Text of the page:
Technical Summary

Sustainable management of phosphorus (P) is vital for the resilience and security of the UK food system, and the delivery of ecosystem services (ES) such as clean water and biodiversity. Fertilisers and feeds are derived from phosphate rock, a critical, costly and finite resource, whose scarcity or fluctuating cost (P shocks) could threaten the UKs food security. Phosphorus is also an endemic water pollutant due to inefficiencies in the food chain. Improved stewardship of P is therefore urgently needed both to increase the resilience of the UK food system to P shocks and enable the sustainable intensification of UK agriculture. This project aims to enhance the resilience and sustainability of the UK food system by developing adaptive strategies that will reduce the vulnerability of UK farming to future P shocks and optimise the provision of ES. This will require an interdisciplinary approach, as vulnerability is defined by the human, physical, social, natural, and financial capitals that determine the capacity of stakeholders to make adaptations to current P use. This 3-year project will develop methods to characterize the effects of biophysical, social and institutional heterogeneity in catchments on the response of different ES to P inputs and the vulnerability to P shocks. This will enable the identification of farm and catchment scale adaptation strategies for sustainable P management practices to overcome P vulnerability and enhance ES. The project will also deliver the first national P vulnerability assessment for the UK food system and identify priorities for a National Adaptation Strategy. The project will result in novel outputs that integrate catchment biophysical and socio-economic variability into a suite of co-developed, context-specific, and implementable P measures and adaptive strategies that will increase the sustainability and resilience of the UK food system.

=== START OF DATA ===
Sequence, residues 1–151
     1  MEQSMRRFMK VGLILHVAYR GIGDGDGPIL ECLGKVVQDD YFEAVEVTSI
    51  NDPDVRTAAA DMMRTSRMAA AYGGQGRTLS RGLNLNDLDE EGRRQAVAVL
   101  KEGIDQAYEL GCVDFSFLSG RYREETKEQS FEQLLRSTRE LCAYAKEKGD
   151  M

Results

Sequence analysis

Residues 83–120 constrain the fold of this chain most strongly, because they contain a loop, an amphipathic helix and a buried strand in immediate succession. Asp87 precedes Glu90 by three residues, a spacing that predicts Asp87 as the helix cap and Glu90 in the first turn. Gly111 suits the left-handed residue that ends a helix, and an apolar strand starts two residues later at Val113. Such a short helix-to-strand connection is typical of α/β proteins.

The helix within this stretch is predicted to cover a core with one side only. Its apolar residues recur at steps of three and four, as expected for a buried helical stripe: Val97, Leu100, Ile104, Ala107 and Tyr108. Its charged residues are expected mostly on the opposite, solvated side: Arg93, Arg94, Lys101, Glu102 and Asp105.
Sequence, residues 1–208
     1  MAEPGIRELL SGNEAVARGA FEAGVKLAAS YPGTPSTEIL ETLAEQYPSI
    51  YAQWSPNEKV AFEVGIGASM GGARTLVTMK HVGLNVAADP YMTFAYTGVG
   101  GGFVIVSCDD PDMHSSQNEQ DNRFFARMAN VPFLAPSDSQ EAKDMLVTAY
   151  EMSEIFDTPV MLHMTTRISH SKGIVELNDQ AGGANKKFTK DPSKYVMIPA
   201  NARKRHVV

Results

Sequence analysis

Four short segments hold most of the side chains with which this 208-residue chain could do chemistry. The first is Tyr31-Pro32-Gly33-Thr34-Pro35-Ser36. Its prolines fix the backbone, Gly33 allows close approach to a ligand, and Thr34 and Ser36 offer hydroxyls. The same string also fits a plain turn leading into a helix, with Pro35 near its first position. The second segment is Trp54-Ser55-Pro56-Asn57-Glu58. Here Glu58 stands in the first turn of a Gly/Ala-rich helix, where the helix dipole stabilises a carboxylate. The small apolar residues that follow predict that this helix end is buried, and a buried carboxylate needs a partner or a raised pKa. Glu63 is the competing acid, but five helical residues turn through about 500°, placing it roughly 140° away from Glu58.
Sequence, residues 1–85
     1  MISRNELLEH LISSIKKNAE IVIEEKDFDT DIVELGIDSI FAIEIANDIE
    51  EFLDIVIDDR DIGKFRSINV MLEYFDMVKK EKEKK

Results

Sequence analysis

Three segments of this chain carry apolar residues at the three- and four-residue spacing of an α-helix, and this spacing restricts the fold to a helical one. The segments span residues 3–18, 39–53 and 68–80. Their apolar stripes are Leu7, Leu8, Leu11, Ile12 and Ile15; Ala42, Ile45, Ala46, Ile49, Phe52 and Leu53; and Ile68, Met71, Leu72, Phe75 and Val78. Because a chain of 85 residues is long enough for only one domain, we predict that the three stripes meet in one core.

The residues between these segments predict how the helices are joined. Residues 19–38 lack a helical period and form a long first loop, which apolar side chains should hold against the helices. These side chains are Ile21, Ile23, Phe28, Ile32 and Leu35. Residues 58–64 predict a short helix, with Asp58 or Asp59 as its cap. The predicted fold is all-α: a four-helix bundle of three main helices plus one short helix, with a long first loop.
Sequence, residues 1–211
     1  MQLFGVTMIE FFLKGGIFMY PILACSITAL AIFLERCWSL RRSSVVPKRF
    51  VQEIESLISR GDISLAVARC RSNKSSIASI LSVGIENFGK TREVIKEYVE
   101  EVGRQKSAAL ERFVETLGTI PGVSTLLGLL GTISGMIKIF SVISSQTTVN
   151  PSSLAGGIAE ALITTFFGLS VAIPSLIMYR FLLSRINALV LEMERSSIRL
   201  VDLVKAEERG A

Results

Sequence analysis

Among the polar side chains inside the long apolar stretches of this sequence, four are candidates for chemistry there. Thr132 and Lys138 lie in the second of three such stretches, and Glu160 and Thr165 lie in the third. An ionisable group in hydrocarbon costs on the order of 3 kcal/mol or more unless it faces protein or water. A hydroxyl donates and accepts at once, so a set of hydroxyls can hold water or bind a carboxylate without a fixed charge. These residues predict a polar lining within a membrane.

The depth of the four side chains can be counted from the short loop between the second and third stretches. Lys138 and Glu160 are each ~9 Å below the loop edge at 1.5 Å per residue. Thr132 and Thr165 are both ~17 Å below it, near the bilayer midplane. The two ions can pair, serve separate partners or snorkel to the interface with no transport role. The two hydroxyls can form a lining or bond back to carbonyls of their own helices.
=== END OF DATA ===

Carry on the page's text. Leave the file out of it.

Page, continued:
Planned Impact

The sustainable management of phosphorus at farm catchment and national scale is highly relevant to multiple stakeholders including policymakers and regulators, the agri-food industry, the water industry and the general public. The project has a primary focus on stakeholder engagement through the formation of a Multi-Actor Platform (MAP) covering local, national and global networks and through this stakeholder interaction, the project will therefore have considerable potential research impact:

Policymakers (e.g. Defra) - the vulnerability of the UK food system to future phosphorus scarcity has not previously been assessed. The project will provide evidence to underpin where policy interventions might be necessary to (a) improve the efficiency and sustainability of phosphorus use at multiple scales, (b)to develop a circular phosphorus economy in the UK and (c) sustain the future competitiveness and resilience of UK agriculture and the UK food system.